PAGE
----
The assassin Czolgosz had characteristics in common with other American assassins: ordinal position; early loss and lack of close relationships; status incongruence.
To understand what propelled Leon Czolgosz forward to his meeting with destiny, which contributing characteristics he held in common with other Presidential assassins is helpful. Though there are more, these characteristics help make the assassin less inscrutable. In the final analysis assassins’ minds are concealed, perhaps even from themselves.
First was his place in the birth order. He was 4th of 8 children, by no means an extreme ordinal position but one guaranteed to bury him in the birth order: too far down to gain much notice from his father or much comfort from his mother, who by this time was worn out by child-bearing. It was an era when the primary job of immigrant mothers was baby production, since children were a source of family income. Unfortunately, 6 of her 8 children were boys, which meant little help with housework.
As soon as the children could earn, they were put to work. Soon, with the entire family pooling their earnings, they purchased a farm in the small Polish community of Posen, Michigan. Each family member had duties around the farm. It was hard work to keep it going, and sometimes the older boys took day jobs in the local lumber industry. They had begun to ascend the ladder of the American dream.
Czolgosz, like most assassins, experienced early loss. The death of Mary Czolgosz, when Leon was 10 or 11, was a blow. Although he never spoke of it, he seemed never to recover from this loss. Today, Secret Service Threat Assessment guidelines would look at how the child processed his mother’s death. Absence of older female relatives to take charge of ritual duties guaranteed the child would be left alone to his grief, to hold it inside and never speak of it. All siblings were silent on the impact of this event. Leon had no interest in finding a wife of his own. The reverence in which he held his mother’s memory could not allow for a human replacement. Family members stated: “He never looked at a girl.”
When his father remarried, hardly more than a year later, Leon could not accept his stepmother. Estrangement from grew, until he could not eat with her but would prepare all his own food and take it to his room.
Lack of Significant Extra-Familial Primary Relationships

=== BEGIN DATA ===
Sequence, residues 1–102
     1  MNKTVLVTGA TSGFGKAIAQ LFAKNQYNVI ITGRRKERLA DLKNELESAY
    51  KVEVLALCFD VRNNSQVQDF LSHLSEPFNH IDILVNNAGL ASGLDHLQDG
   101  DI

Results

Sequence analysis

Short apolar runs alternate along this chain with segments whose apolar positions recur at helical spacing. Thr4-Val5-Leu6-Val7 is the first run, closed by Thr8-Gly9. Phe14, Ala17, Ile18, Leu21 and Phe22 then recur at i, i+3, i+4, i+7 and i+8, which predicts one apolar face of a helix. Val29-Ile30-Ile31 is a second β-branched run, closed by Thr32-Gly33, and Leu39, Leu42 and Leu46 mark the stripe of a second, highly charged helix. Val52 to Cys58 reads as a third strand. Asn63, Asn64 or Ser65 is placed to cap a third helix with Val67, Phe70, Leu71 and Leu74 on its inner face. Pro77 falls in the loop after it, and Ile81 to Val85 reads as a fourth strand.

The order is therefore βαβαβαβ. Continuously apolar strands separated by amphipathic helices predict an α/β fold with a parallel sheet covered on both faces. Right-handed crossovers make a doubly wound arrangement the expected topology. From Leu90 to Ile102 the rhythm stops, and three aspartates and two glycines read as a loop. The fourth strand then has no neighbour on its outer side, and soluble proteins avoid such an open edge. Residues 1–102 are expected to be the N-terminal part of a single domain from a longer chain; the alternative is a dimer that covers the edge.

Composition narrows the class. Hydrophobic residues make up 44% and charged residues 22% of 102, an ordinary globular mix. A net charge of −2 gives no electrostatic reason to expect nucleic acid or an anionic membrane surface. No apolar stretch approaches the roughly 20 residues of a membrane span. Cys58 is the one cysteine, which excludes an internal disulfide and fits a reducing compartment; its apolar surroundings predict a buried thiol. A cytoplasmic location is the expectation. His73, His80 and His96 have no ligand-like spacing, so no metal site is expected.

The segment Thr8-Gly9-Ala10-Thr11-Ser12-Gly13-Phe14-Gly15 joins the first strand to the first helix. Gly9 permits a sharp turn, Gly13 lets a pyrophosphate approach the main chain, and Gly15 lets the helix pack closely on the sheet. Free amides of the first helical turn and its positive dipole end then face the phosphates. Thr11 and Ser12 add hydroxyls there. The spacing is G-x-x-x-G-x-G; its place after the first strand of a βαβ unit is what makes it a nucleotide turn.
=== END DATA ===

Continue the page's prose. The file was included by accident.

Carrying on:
Most assassins who experienced early loss also had difficulties forming close relationships, whether through social behaviors never learned, lack of trust or fear of abandonment. Czolgosz typified this. It was not just that he had no women friends—he had no close friends at all. He never opened up.
After Mary’s death, with the farm was sold and the family returning to Alpena, a combination of child labor laws and compulsory education freed Leon from a life of unmitigated toil, when at around 11 years, he found himself in school for the first time. Here he “drank deeply of the American promise” as it was spelled out in textbooks. From his prison cell he would speak of the American Revolution and Declaration of Independence, and how he recognized even at his young age that what had happened at Haymarket, which took place around that time, could not be reconciled with his American heritage. “It was not what we learned in school,” he earnestly told his guard.
Czolgosz excelled in his studies. He remained in school till 16, the best scholar in his class, though years behind children on the other side of town. Still, did anyone suggest that the son of a poor immigrant had other options for his life besides the factory? “Leon was too intelligent for a working man,” a prison guard observed. “He would have been happier if he had not been so gifted.”
So, at 16 he went into the factories. Like many assassins who had above average intelligence and were employed at a menial occupations, he experienced status incongruence, a gnawing awareness of the gap between “biologically ascribed status” and “achieved position” in terms of occupational variable. The gap did not become an obsession until awareness of his true “duty” came into focus. Initially, though, his duty was to his family. He worked, pooled his money with theirs, enabling the family to buy a nice farm in Ohio and then a tavern for their Father.
In 1893 the factory went on strike, and Czolgosz, a member of a socialist workers’ club, went out with them. The strike collapsed when the owners announced their intention to break it by hiring replacements. To his surprise he was blacklisted. To be rehired he had to change his name to Fred Neiman, German for “Nobody.” Perhaps it was his mother’s name, but it is hard not to see it as symbolic of the duty he is assuming. To be a true son of the workingman, dislocation from himself must occur, as with the hero in Looking Backward, Edward Bellamy’s socialist utopian novel, which he carries everywhere.
Soon patient acceptance was not enough. He could take it no more, and in 1899 Czolgosz suffered a nervous breakdown. Instead of work, he devoted himself to self medication, study and meetings. Listening for duty to call, what he heard was Emma Goldman telling him that the only way to find freedom was to eliminate government. The voice of duty spoke with a Russian accent, but he knew it when he heard it. He was ready to go.